Some dogs love to doggie paddle and some don't. While Labs, Golden Retrievers, and Portuguese Water Dogs are natural born swimmers, there are many breeds of dog that prefer dry land. Due to their short legs, heavy bodies, and respiratory problems, Pugs and Bull Dogs aren't swimmers. Dogs with short, pushed in snouts should generally avoid the water as they have difficulty breathing. Canines, like my Maltese Lucky, are predisposed to arthritis and too much water causes stiffness in joints and muscles, this is one breed that does better on shore. Dogs that aren't Olympian swimmers can get wet ... as long as they wear a lifejacket!
If you have a breed that loves the water, encourage them to do so! Since they use the majority of their muscles while swimming, this is the most effective form of exercise for dogs. In particular, dogs that have suffered injuries should swim as a way to help heal, regain muscle mass and flexibility. Many first time canine swimmers may be nervous and timid at first, but there are several tips you can follow to help the process go swimmingly.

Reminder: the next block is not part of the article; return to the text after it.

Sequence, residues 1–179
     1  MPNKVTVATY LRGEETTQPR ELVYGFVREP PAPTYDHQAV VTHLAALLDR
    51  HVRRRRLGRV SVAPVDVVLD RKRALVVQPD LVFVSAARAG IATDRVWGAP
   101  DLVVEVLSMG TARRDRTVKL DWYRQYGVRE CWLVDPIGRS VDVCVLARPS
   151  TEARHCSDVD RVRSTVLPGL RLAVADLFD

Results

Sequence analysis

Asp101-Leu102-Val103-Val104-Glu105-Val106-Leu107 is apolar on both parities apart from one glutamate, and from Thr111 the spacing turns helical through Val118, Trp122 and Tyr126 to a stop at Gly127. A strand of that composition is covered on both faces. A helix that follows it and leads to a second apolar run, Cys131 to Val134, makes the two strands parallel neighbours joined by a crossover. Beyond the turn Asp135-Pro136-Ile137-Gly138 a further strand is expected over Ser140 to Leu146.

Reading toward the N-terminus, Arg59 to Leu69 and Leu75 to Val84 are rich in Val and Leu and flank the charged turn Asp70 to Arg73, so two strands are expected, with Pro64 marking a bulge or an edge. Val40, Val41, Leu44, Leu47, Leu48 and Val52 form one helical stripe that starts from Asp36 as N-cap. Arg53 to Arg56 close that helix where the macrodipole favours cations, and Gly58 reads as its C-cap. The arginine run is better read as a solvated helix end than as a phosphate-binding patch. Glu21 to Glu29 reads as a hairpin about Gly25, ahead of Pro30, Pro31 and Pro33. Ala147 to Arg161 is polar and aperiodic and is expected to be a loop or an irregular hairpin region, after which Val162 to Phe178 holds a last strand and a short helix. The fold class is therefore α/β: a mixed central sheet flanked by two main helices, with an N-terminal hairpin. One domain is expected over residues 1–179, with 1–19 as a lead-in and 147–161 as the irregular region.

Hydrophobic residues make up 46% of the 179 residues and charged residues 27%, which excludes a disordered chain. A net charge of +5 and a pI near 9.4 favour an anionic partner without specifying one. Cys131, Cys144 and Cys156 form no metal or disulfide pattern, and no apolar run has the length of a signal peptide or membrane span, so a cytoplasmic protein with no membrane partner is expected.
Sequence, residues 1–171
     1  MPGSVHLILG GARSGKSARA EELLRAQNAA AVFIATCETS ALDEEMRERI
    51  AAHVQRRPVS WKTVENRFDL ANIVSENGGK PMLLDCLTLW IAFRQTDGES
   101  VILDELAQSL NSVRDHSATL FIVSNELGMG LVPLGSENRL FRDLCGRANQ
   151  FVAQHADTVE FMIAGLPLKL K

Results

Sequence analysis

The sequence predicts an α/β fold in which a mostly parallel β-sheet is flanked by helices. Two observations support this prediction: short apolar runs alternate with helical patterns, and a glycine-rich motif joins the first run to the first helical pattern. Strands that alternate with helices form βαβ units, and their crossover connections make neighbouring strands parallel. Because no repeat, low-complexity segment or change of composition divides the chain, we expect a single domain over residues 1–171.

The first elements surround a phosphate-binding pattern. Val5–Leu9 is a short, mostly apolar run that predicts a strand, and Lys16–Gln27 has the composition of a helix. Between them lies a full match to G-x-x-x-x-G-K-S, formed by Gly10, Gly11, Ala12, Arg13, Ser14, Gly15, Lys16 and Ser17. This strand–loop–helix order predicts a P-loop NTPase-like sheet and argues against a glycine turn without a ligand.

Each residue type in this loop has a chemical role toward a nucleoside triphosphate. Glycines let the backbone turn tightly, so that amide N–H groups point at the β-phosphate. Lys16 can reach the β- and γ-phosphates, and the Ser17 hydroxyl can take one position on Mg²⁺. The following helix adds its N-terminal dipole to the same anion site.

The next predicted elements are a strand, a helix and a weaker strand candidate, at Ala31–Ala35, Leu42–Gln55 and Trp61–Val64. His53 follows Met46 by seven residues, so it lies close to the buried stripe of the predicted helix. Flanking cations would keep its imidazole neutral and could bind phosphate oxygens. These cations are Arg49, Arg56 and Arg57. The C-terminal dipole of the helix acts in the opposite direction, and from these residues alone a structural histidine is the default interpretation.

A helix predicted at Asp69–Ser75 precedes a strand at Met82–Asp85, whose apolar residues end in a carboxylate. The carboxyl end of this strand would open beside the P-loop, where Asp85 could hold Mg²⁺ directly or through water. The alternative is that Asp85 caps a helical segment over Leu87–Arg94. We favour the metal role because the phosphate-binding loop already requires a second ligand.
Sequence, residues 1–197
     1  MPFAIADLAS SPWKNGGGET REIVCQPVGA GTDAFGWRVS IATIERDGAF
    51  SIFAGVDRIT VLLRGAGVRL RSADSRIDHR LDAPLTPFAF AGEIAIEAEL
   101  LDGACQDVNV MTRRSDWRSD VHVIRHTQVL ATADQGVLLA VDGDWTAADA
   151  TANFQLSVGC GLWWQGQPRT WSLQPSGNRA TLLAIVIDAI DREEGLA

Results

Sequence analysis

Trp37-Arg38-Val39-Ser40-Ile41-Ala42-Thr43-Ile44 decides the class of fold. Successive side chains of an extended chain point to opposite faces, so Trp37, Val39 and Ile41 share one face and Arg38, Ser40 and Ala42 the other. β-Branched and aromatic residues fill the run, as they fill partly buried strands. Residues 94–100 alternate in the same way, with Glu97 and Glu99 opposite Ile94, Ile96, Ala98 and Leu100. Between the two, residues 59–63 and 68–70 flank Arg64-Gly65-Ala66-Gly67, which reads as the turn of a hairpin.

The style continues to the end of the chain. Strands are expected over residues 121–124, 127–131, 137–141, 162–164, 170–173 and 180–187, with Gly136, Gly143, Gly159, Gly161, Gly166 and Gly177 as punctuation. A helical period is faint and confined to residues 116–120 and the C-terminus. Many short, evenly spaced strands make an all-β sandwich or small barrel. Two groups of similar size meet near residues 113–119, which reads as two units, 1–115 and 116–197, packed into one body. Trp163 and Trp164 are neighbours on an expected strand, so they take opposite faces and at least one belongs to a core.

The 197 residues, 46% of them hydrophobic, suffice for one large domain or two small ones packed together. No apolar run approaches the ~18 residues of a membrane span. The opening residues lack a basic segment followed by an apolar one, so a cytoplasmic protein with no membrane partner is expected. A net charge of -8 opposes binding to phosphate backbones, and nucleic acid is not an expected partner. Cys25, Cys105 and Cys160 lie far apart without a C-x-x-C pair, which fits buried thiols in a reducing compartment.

- Go in the water with your pet and hold him close to you above the surface so that he feels at ease.
- Avoid cold water - it may cause painful muscle spasms.
- If you're going to take your pet in natural waters avoid choppy and turbulent seas, and make sure he doesn't swallow much salt water, both cause nausea.
- Always show your dog the pool entrance and exit, so he can get in and out easily if he experiences muscle fatigue.
- Toss a toy your dog loves into the shallow end, throwing it close to an exit.
- If your pup becomes uncomfortable and starts frantically splashing, trying to keep his head above water, he's unfortunately not a swimmer. No biggie - and don't force him! There are several canine cabana product lines; your dog can relax poolside in the shade while you take a swim.